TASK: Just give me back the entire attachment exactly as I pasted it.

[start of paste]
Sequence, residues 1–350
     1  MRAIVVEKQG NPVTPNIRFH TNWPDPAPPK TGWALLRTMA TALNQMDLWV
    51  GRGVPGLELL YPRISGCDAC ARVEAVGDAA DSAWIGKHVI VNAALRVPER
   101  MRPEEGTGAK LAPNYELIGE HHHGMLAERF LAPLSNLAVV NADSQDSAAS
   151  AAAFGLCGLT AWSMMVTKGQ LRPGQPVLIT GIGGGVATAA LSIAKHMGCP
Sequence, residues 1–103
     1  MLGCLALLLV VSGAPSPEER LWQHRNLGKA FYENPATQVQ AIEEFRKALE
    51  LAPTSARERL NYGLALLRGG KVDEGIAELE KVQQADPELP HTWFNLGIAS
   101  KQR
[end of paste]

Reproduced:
Sequence, residues 1–350
     1  MRAIVVEKQG NPVTPNIRFH TNWPDPAPPK TGWALLRTMA TALNQMDLWV
    51  GRGVPGLELL YPRISGCDAC ARVEAVGDAA DSAWIGKHVI VNAALRVPER
   101  MRPEEGTGAK LAPNYELIGE HHHGMLAERF LAPLSNLAVV NADSQDSAAS
   151  AAAFGLCGLT AWSMMVTKGQ LRPGQPVLIT GIGGGVATAA LSIAKHMGCP
Sequence, residues 1–103
     1  MLGCLALLLV VSGAPSPEER LWQHRNLGKA FYENPATQVQ AIEEFRKALE
    51  LAPTSARERL NYGLALLRGG KVDEGIAELE KVQQADPELP HTWFNLGIAS
   101  KQR